In the subsequent decades, different presidents relied on this system to widely varying degrees. Some embraced it; others sought to ignore it. But since the late 1980s, after the Iran-Contra crisis demonstrated all too clearly the damage bad procedures could cause, administrations of both parties have generally accepted a system that features several levels of interagency debate and discussion on critical issues. And on the whole — plenty of glaring exceptions notwithstanding — America’s global performance has benefitted from the structure and rigor this process provides.
Enter Trump. For members of the foreign policy community, his election was worrying not simply because his views often seemed contrary to the patterns of American internationalism. It was troubling because a singularly impetuous president, often so ignorant of the details or even the broad outlines of American policy, was now in position to wield the many instruments of U.S. power.
From February 2017 to April 2018, McMaster sought to use a structured, disciplined decision-making process to compensate for the lack of those qualities in the president himself. McMaster used the NSC machinery, particularly the many interagency committees, to develop policy options and encourage systematic consideration of major issues. In concert with other members of the “axis of adults” — especially Secretary of Defense James Mattis and Secretary of State Rex Tillerson — McMaster also used the process to influence the president away from his own initial instincts.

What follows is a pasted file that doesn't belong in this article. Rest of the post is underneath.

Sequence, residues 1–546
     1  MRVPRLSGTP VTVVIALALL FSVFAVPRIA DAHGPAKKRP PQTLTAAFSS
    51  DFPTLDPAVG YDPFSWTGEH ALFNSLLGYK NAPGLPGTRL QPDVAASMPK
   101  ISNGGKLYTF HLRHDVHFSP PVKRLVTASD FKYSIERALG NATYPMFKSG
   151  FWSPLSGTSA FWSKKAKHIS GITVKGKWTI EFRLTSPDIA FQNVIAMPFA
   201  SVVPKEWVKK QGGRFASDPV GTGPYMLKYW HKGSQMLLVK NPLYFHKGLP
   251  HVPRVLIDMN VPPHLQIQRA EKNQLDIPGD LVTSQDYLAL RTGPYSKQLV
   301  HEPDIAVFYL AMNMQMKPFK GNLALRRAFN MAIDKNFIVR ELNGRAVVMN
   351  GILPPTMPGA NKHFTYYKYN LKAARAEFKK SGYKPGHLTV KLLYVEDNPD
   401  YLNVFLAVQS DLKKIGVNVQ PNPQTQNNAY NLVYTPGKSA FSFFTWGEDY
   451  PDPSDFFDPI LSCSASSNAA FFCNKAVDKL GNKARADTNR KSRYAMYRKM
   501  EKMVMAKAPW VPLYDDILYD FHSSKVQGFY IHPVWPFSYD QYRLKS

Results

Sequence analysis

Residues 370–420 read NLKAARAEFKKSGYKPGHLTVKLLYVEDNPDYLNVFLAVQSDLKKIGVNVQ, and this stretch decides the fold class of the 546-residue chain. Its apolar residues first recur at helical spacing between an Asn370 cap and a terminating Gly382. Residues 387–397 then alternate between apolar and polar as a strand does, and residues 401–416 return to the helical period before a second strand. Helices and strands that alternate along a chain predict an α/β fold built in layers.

Over the summer of 2017, a solid phalanx of advisers temporarily dissuaded Trump from getting out of the Iran nuclear deal. Similarly, they persuaded him not to withdraw from Afghanistan or tear up the North American Trade Agreement and the Korea-U.S. trade agreement. The president still followed his gut on issues such as withdrawing from the Paris climate change accords; there was still a high degree of confusion and even chaos in the White House. But for the year following Trump’s inauguration, process generally mitigated presidential disruption.